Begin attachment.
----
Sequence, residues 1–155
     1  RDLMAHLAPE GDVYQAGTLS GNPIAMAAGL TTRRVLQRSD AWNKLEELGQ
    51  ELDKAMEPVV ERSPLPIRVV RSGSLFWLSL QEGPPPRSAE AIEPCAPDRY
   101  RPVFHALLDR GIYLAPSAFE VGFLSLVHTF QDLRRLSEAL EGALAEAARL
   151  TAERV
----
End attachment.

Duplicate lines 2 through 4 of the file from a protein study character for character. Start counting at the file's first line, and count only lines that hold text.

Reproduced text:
     1  RDLMAHLAPE GDVYQAGTLS GNPIAMAAGL TTRRVLQRSD AWNKLEELGQ
    51  ELDKAMEPVV ERSPLPIRVV RSGSLFWLSL QEGPPPRSAE AIEPCAPDRY
   101  RPVFHALLDR GIYLAPSAFE VGFLSLVHTF QDLRRLSEAL EGALAEAARL